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State schools banned from pressing parents to fund learning essentials

Schools were briefed on the policy last week and told it will take effect from the start of 2022, irrespective of budgetary plans schools have made or communications they have sent out to families this year.

“The department will closely monitor the financial impact of the clarified and strengthened policy on all schools and will continue to examine funding arrangements,” principals were told on September 1.

Schools must not prevent any student from accessing curriculum essentials or joining essential excursions if their parents do not make a voluntary contribution; they must cover the shortfall out of their budgets.

Jason Walker, principal of Mont Albert Primary in Melbourne’s east, said if fewer parents paid, schools would face a choice between withdrawing some curricular programs and materials or raiding funding from elsewhere in the budget.

“We use voluntary payments on our instrumental music program, lunchtime clubs, excursions and camps,” Mr Walker said. “If you applied this parent payment policy, where we haven’t got the ability to charge on a user-pays basis, I don’t know how schools … are going to be able to provide these opportunities.”

Heath Matheson, a parent and member of the school council at Mount Beauty Primary School in the state’s north-east, said the rural school feared it might have to cancel its year 6 Canberra camp next year if the policy results in lost revenue.


“We’re remote, so everything that is city-based involves a bus trip, so prices add up pretty quickly,” Mr Matheson said. “Something like the Canberra camp is $350 a head that I guess would need to be raised elsewhere because there is zero slack in the budget.”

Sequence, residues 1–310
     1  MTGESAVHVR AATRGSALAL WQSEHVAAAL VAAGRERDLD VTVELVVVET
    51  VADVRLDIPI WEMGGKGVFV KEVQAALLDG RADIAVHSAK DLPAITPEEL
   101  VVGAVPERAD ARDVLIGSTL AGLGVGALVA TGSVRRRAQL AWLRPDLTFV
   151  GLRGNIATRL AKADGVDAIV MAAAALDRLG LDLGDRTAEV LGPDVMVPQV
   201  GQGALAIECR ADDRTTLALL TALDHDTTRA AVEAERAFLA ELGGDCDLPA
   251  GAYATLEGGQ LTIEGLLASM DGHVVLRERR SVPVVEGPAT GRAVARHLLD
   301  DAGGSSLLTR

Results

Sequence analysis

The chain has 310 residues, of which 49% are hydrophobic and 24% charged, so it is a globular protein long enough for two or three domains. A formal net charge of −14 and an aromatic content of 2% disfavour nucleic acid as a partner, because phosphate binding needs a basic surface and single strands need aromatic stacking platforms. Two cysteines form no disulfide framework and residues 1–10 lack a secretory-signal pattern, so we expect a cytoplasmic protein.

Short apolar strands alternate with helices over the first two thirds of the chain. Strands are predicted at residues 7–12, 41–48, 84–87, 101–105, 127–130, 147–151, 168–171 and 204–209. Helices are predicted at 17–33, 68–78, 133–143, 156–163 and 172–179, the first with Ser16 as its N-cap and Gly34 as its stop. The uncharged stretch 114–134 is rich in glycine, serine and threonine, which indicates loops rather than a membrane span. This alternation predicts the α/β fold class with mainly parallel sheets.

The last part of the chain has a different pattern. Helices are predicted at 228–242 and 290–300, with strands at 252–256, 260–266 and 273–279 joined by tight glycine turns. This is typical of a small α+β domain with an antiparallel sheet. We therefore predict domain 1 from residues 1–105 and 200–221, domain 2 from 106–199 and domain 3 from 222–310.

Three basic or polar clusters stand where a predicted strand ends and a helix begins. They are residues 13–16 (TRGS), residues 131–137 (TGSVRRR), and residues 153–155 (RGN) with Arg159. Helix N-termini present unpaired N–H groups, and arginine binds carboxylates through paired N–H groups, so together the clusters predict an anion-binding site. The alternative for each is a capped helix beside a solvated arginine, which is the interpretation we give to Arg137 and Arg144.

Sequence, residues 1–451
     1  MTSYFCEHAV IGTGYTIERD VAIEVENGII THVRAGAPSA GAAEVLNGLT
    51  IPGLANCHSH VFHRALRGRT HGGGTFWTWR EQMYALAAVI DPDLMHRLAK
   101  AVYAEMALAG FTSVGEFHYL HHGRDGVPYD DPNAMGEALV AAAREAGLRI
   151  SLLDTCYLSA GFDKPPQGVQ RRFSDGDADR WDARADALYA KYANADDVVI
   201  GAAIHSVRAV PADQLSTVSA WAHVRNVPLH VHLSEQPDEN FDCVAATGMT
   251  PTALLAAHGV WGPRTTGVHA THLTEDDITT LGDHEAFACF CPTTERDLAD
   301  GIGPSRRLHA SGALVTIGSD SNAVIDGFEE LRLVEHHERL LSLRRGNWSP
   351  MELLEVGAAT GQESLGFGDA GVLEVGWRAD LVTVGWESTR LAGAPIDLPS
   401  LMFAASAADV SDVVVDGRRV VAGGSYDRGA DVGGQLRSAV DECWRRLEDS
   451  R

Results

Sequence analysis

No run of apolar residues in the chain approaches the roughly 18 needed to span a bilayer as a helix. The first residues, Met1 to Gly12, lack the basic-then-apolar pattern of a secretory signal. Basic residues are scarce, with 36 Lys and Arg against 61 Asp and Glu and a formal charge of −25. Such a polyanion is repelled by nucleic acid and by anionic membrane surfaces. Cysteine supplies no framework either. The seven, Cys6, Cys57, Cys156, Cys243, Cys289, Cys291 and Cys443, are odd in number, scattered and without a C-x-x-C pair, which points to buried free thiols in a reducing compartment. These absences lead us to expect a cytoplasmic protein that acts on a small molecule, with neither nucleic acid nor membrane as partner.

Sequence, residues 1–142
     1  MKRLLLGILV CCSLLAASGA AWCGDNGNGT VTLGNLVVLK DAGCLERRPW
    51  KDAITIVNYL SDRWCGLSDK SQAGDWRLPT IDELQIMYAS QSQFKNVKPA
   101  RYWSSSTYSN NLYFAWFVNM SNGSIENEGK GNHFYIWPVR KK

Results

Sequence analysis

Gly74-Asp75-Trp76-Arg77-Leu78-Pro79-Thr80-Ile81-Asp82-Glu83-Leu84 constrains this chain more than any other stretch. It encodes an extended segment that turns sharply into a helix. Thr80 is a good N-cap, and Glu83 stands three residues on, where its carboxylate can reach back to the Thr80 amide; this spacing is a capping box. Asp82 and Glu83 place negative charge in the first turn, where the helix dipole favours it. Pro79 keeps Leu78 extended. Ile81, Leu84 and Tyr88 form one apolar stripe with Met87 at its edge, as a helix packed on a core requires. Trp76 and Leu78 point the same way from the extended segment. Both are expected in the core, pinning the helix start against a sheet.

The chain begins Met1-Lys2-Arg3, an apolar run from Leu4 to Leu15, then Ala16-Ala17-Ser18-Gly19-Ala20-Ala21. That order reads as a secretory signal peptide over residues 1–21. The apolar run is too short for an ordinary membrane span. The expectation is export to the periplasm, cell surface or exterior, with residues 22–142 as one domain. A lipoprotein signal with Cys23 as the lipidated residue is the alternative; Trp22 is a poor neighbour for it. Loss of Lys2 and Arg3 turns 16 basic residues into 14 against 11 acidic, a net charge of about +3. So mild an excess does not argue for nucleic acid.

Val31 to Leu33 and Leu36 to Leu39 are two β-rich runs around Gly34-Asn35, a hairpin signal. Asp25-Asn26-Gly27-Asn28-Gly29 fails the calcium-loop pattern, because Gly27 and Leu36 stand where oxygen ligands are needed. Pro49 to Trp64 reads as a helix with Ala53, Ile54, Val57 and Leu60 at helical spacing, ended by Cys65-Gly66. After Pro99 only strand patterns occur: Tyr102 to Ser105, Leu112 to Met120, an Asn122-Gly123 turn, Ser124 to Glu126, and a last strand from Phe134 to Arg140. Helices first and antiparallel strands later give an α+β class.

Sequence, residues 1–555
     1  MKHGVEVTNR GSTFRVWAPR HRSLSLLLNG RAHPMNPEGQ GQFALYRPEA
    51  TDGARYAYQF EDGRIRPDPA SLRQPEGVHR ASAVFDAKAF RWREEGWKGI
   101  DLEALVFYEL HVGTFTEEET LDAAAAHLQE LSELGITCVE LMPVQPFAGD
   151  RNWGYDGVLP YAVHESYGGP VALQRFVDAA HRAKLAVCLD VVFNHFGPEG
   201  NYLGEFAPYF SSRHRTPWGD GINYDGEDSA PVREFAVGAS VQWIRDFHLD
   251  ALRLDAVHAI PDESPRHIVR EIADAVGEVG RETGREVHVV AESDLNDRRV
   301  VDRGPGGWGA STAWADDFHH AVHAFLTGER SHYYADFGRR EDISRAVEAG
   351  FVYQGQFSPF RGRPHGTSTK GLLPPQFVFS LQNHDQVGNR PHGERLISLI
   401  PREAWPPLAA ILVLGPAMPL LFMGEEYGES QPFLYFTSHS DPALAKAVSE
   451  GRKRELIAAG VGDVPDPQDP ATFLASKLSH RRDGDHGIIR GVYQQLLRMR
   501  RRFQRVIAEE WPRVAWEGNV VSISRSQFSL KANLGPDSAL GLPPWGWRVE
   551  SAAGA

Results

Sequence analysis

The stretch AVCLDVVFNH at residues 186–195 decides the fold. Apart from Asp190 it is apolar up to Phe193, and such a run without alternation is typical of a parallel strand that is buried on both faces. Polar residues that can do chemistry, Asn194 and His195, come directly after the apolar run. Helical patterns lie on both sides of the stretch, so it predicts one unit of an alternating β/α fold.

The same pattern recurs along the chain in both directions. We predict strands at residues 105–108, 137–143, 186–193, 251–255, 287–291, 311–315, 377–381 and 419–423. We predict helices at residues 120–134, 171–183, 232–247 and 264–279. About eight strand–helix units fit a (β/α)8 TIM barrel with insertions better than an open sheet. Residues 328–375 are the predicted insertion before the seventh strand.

Ms King said the policy risked driving more students into the private school system if state schools had to revert to a more “bare-bones” curriculum.

A 2015 Victorian Auditor-General’s report on school payments found they had evolved from supporting free instruction in government schools to being essential to its provision.

The report found the department’s checks and balances on school payments were inadequate. The department told schools this month this was a key reason for its review on voluntary payment policies.

A spokesman for the Education Department said the guidelines had been refreshed to give schools and families clarity and transparency about payments. Schools can continue to seek voluntary financial contributions towards classroom materials, educational programs and operating expenses, and invite parents to buy educational items on a user-pays basis, the spokesman said.

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